Re-Blogged From Stratfor
- Polls suggest Mexico’s populist coalition, led by the National Regeneration Movement, could win the presidency in the July 1 federal elections, along with a majority in the lower house and a near majority in the Senate.
- If the coalition gains only a lower house majority, it will face heavier pressure from established parties, including the Institutional Revolutionary Party (PRI) and the National Action Party (PAN), to moderate its populist stance.
- But the PRI and PAN will be weaker in the wake of the vote, assuming the polls bear out, and will have to rely on federal courts to halt potentially controversial legislative measures, such as energy or education reforms.
(HECTOR VIVAS/Getty Images)
Less than two months before Mexico’s next presidential election, populist candidate Andres Manuel Lopez Obrador leads the polls by 10 points. Lopez Obrador is a leftist leader with a vague policy agenda that raises more questions than it answers. And if he makes it to the presidency, it will be on a wave of anti-establishment feeling among Mexican voters with whom his condemnations of corruption, and of President Enrique Pena Nieto’s economic and energy reforms, resonate. For many observers in and outside the country, his election is a worrisome prospect.
The Big Picture
Populist candidate Andres Manuel Lopez Obrador leads the pack of candidates running for the Mexican presidency in federal elections set for July 1. Investors and Mexico’s private sector remain concerned that a Lopez Obrador presidency will try to implement a populist political agenda. Stratfor’s previous assessments stated that Lopez Obrador would face congressional constraints on his power. As the election approaches, though, polls suggest that his coalition has enough support to overcome those barriers. That means Lopez Obrador could have the votes he needs in both houses of Congress to move forward with his agenda.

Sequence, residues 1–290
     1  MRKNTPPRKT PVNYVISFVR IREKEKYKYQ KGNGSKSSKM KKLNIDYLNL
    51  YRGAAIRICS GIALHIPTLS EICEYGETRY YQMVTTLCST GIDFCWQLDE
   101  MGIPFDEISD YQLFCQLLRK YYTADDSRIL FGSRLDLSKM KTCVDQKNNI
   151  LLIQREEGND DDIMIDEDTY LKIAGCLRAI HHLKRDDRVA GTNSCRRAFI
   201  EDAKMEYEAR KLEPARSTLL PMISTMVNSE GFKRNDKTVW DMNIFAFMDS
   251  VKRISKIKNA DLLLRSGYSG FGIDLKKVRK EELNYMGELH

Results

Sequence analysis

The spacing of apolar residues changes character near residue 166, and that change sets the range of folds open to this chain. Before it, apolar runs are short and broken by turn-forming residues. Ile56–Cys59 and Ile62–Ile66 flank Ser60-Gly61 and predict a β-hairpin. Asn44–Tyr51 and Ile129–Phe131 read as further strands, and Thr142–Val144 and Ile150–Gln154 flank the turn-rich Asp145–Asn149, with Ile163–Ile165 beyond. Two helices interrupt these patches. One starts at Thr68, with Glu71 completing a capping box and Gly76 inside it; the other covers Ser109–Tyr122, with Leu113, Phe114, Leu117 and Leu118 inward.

The Risks for Investors
Most concerns about what Lopez Obrador’s administration would mean for Mexico stem from his campaign. On several occasions during the race, he has threatened to audit oil and gas contracts signed under Pena Nieto’s energy reform. He also has promised to roll back parts of the 2013 education reform, to reduce the price of fuel for consumers and to cut government spending overall.
Whether he can move forward with these initiatives will depend on how many seats his coalition wins in Congress. Though Lopez Obrador has railed against the energy and education reforms throughout his campaign, the chances of his alliance winning the seats necessary to repeal the measures looked slim — until recently. Reports from two Mexican polling firms now show the coalition, made up of Lopez Obrador’s National Regeneration Movement, or Morena, as well as the Social Encounter Party and the Labor Party, winning 60 seats in the Senate and about 260 seats in the Chamber of Deputies. These gains would give his coalition a slim majority in the lower house and a near majority in the upper house, putting Lopez Obrador in a good position to pass laws without interference from the opposition should he win the presidency. That’s a disconcerting possibility for firms investing in Mexico’s energy sector.